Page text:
The months of the Egyptian civil calendar were further divided into three sections called "decades", each of ten days. The Egyptians noted that the helical rising of certain stars, such as Sirius and Orion, matched the first day of the 36 successive decades and called these stars decans. During any one night, a sequence of twelve decans would be seen to rise and were used to count the hours. (This division of the night sky, later adjusted to account for the epagomenal days, had close parallels to the Babylonian zodiac. The signs of the zodiac each accounting for 3 of the decans. This astrological device was exported to India and then to Medieval Europe via Islam.)
Early man divided the day into temporal hours whose length depended upon the time of year. A summer hour, with the longer period of daylight, would be longer than that of a winter day. It was the Egyptians who first divided the day (and night) into 24 temporal hours.
The Egyptians measured time during the day using shadow clocks, precursors to the more recognizable sun dials seen today. Records suggest that early shadow clocks were based on the shadow from a bar crossing four marks, representing hourly periods starting two hours into the day. A midday, when the sun was at its highest the shadow clock would be reversed and hours counted down to dusk. An improved version using a rod (or gnomon) and which indicates the time according to the length and position of the shadow has survived from the second millennia BCE.
Problems with observing the sun and stars may have been the reason the Egyptians invented the water clock, or "clepsydra" (meaning water thief in Greek). The earliest remaining example survives from the Temple of Karnak is dated to the fifteenth century BCE. Water drips through a small hole in one container to a lower one. Marks on either container can be used to give a record of hours passed. Some Egyptian clepsydras have several sets of marks to be used at different times of the year, to maintain consistency with the seasonal temporal hours. The design of the clepsydra was later adapted and improved by the Greeks.
As a result of the campaigns of Alexander the Great, a great wealth of knowledge of astronomy was exported from Babylon into India, Persia, the Mediterranean and Egypt. The great city of Alexander with its impressive Library, both founded by the Greek-Macedonian family of Ptolemy, served as an academic center.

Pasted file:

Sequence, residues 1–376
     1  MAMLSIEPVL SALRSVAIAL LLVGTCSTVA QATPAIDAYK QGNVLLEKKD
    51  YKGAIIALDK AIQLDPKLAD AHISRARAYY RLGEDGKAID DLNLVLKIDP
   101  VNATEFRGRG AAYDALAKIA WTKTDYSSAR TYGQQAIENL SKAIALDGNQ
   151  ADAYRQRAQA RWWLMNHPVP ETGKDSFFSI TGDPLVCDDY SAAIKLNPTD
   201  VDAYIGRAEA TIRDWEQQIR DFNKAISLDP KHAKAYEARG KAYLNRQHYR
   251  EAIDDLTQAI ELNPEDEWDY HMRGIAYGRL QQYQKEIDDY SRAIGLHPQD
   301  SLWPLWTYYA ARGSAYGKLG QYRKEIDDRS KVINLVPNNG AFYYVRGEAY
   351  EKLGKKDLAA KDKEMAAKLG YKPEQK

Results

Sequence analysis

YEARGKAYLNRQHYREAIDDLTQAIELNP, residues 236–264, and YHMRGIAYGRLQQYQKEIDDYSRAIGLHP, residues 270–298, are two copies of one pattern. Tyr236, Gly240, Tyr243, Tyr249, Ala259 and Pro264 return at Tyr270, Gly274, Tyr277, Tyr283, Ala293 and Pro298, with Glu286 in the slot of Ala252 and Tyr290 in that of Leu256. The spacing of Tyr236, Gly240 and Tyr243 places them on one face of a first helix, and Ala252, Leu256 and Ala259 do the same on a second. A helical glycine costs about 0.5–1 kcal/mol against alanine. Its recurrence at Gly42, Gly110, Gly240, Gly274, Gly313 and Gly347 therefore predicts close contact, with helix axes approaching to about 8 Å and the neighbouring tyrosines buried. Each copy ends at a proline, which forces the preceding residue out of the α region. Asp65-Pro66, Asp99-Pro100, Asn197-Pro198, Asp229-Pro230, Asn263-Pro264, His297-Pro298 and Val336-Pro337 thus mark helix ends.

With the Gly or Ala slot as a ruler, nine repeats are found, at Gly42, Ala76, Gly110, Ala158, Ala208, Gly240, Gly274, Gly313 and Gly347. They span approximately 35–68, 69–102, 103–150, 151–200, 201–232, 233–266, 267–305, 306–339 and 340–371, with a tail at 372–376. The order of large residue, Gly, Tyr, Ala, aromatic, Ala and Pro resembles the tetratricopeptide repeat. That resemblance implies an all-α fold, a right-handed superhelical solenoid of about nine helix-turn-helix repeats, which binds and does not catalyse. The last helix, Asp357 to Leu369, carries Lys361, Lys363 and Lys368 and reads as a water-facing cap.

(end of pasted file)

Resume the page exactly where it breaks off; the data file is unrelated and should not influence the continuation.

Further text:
Temporal hours were of little use to astronomers, and around 127 CE Hipparchus of Niceae, working in the great city of Alexandria, proposed dividing the day into 24 equinoctial hours. These equinoctial hours, so called because they are based on the equal length of day and night at the equinox, split the day into equal periods. (Despite his conceptual advance, ordinary people continued to use temporal hours for well over a thousand years: the conversion to equinoctial hours in Europe was made when mechanical, weight driven clocks were developed in the fourteenth century.)
The division of time was further refined by another Alexandrian based philosopher, Claudius Ptolemeus, who divided the equinoctial hour into 60 minutes, inspired by the scale of measurement used in ancient Babylon.
Claudius Ptolemeus also compiled a great catalogue of over one thousand stars, in 48 constellations and recorded his concept that the universe revolved around the Earth. Following the collapse of the Roman Empire it was translated into Arabic (in 827 CE) and later into Latin (in the twelfth century CE). These star tables provided the astronomical data used by Gregory XIII for his reform of the Julian calendar in 1582.
Mapping Time: The Calendar and its History by E. G. Richards, Pub. by Oxford University Press, 1998, ISBN 0-19-286205-7, 438 pages.
General History of Africa II: Ancient Civilizations of Africa, Pub. by James Curry Ltd., University of California Press, and the United Nations Educational, Scientific and Cultural Organization (UNESCO), 1990, ISBN 0-520-06697-9, 418 pages.
"Ancient Egypt: The Father Of Time," by Alistair Boddy-Evans © 31 March 2001 (revised February 2010), African History at About.com, http://africanhistory.about.com/od/egyptology/a/EgyptFatherOfTime.htm.